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Publication numberUS3463118 A
Publication typeGrant
Publication dateAug 26, 1969
Filing dateApr 10, 1967
Priority dateApr 10, 1967
Publication numberUS 3463118 A, US 3463118A, US-A-3463118, US3463118 A, US3463118A
InventorsWood Remsen V
Original AssigneeWood Remsen V
Export CitationBiBTeX, EndNote, RefMan
External Links: USPTO, USPTO Assignment, Espacenet
Diffraction grating instrument dials
US 3463118 A
Abstract  available in
Previous page
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Claims  available in
Description  (OCR text may contain errors)

Aug. 26, 1969 R. v. WOOD 3,463,118


Remsen 1 Wood INVENTOR.

w gm AGENT United States Patent 3,463,118 DIFFRACTION GRATING INSTRUMENT DIALS Remsen V. Wood, Riderwood, Md. 21139 Filed Apr. 10, 1967, Ser. No. 629,586 Int. Cl. G09f 9/00 US. Cl. 116-129 3 Claims ABSTRACT OF THE DISCLOSURE Instrument dials having faces comprising spirally ruled optical diffraction gratings arranged to provide optimum spectral-color contrast with instrument pointers superimposed on the dials.

This invention relates generally to indicating instruments having faces and hands or pointers, and particularly to those in which the hand covers a part of the face, as, for example, in most watch, compass and meter dials.

The essence of this invention lies in the provision of instrument faces having spiral rulings of proper ruling spacing to dilfract ambient light into its component colors, and in arrangement of the rulings to set-off the superimposed indicator hands by color contrast.

Engine turning of instrument faces for embellishment and as an aid in producing contrast between face and hand in dim light, has long been practiced. New, however, are the advantages of the present invention, which retains the traditional merits of engine turning, and in addition provides for contrast between instrument face and hand in diffracted spectral colors which change with the observers position.

As an example of one application, wearers of wrist watches to which this invention has been applied observe, as the wrist is moved, a play of colors across the face of the watch, diffracted from the ambient lighting except where obscured by the watch hands, which stand out in bold contrast.

Again, where several dial instruments are displayed together, an instrument made according to this invention stands out conspicuously to the observers eye, which is drawn to the color-silhouetted hands. It is obvious that this aspect of the invention is adaptable to industrial uses.

These and other advantages and objects of the invention will become apparent through a study of the specification and drawings in which:

FIG. 1 is a face view of a watch dial;

FIG. 2 shows a portion of an instrument dial;

FIG. 3 is a face view of an instrument dial.

FIG. 1 shows this invention embodied in a wrist watch dial 101, with time graduations 102, hands 103 and 104, face 105, and rulings 106 on the face.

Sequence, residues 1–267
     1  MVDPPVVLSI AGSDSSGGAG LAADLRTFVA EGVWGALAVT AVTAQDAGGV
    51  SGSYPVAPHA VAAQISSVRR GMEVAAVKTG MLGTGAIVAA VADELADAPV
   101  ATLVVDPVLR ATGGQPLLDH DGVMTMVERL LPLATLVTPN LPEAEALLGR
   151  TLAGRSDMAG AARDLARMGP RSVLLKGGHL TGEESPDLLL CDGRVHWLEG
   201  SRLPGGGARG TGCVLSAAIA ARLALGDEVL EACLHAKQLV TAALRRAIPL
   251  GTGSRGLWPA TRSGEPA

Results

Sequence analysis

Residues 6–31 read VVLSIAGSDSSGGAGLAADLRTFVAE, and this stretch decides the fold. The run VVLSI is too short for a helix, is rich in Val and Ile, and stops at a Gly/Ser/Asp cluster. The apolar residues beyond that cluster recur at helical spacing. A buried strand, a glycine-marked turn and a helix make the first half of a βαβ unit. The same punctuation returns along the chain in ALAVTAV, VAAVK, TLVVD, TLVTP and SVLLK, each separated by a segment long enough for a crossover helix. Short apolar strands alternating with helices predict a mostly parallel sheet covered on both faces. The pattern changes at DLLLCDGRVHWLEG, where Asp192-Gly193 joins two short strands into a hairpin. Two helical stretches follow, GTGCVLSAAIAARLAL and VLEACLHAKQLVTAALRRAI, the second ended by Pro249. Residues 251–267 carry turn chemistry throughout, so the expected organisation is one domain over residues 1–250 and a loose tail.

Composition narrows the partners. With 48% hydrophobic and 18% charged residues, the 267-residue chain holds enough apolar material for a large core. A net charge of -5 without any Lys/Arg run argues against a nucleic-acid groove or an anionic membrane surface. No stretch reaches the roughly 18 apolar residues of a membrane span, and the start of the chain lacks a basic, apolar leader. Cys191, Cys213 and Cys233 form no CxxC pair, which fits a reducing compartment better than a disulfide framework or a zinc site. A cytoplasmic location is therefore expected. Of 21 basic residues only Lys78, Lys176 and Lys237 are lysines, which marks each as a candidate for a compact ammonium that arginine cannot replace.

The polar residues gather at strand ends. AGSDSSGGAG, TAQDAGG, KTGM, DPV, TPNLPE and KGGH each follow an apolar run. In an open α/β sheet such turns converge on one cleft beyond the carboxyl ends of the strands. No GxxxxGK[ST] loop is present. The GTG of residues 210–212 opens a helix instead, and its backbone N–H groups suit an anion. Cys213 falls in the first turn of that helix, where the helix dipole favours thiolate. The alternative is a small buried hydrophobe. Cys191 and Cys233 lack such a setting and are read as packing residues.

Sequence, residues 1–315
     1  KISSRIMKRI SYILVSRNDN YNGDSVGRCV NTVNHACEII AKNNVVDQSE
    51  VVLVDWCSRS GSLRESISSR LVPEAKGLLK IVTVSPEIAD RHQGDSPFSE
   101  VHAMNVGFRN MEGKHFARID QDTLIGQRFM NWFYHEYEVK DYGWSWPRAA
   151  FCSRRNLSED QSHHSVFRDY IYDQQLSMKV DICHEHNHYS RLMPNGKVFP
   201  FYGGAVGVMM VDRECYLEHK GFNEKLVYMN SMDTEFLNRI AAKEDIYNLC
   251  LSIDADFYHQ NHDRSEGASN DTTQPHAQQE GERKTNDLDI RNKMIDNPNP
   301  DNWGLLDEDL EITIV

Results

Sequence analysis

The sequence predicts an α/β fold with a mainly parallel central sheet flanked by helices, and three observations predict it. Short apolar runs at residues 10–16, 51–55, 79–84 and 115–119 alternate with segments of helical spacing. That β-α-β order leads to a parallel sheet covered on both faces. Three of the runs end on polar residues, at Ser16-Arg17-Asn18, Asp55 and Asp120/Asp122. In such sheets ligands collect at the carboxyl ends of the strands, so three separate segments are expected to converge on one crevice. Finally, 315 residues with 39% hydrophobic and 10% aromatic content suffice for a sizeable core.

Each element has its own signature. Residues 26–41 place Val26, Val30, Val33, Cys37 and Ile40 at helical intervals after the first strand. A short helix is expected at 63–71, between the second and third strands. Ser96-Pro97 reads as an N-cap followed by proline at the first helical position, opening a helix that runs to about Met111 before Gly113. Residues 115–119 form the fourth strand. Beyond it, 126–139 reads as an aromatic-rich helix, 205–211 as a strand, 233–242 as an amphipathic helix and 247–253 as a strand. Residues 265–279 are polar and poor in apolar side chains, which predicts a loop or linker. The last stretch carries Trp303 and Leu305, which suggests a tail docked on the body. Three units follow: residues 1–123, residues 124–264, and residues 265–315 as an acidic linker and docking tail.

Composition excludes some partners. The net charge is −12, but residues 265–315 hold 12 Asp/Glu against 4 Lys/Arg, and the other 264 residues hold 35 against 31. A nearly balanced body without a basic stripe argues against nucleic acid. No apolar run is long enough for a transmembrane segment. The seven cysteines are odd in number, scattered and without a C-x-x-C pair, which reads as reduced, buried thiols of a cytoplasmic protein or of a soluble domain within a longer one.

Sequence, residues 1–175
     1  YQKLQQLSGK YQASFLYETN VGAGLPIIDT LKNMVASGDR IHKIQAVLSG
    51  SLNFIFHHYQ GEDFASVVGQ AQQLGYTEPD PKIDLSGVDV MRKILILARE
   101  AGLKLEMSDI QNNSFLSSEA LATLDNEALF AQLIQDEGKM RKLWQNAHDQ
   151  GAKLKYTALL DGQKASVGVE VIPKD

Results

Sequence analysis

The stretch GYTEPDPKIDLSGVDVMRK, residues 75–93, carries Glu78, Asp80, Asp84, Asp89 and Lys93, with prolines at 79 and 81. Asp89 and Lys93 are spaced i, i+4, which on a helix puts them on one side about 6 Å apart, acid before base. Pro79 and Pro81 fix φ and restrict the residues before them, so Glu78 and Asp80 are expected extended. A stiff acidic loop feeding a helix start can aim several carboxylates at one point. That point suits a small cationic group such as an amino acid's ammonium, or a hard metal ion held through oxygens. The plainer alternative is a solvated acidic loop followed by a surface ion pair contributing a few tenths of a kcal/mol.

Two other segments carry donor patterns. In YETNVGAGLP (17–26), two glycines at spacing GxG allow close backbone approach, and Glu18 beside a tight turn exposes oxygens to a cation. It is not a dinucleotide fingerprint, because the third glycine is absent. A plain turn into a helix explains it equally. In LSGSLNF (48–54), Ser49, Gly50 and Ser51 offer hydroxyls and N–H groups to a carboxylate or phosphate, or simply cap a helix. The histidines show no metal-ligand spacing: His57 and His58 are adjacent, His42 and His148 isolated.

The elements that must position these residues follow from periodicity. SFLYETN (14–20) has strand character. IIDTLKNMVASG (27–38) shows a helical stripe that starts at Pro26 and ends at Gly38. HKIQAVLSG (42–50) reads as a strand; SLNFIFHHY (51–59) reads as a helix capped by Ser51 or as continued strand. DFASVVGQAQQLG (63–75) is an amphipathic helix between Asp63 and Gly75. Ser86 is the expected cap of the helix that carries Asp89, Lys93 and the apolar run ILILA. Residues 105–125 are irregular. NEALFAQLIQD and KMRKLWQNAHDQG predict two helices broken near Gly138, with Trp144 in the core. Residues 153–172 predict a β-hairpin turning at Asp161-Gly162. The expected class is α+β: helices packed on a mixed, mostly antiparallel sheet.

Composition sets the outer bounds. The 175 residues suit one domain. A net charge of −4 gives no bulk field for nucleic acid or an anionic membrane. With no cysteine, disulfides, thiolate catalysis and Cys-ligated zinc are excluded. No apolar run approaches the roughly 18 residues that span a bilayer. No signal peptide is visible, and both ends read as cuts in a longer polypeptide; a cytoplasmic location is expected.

The hands are of conventional design and are preferably flat black to prevent specular reflection.

The face is made of a single optical diffraction grating of about 15,000 lines per inch spacing, ruled in a spiral which is centered on the axis of 107, of the hands.

Under most lighting conditions spectral colors diffracted by the rulings appear on the face of the watch in symmetrically opposed sectors having apices at the center of the spiral. The azimuthal position on the spiral grating of the opposed sectors is a function of the observers angle with respect to the grating and the source of illumination.

Appropriate small changes of angle of the watch with respect to the observer cause the opposed sectors, which, in response, appear to rotate about the axis of the hands, to sweep around the entire face of the watch so that the watch hands are seen against a background of varying illumination and color.

3,463,118 Patented Aug. 26, 1969 "ice The spirally or circularly ruled optical diffraction grating is uniquely suited to this application. Spiral gratings exhibit a universality of color displaycolor will appear under direct illumination from any angle, and will be visible at all angles about the gratings.

Straightline gratings, on the other hand, are not well suited to this and similar applications because the geometry of their rulings severely restricts the position angles in which color diffracted by them can be observed.

F IG. Q shows an embodiment of the invention adapted to applications requiring that color contrast between instrument face and hand be visible at all observer positions, without necessity for tipping the instrument.

To provide this advantage, the instrument face 205, of which a segment is shown in a dial segment 201, is made of a mosaic of spiral diffraction gratings 208. These gratings are so proportioned and related to the size and position of the instrument hand 204, that the hand obscures at any position a portion of the sectors of diffracted light which observers wtould otherwise see, and thus appears against a color background from all observing angles. A proportion insuring this relation is: grating diameter less than twice handwidth.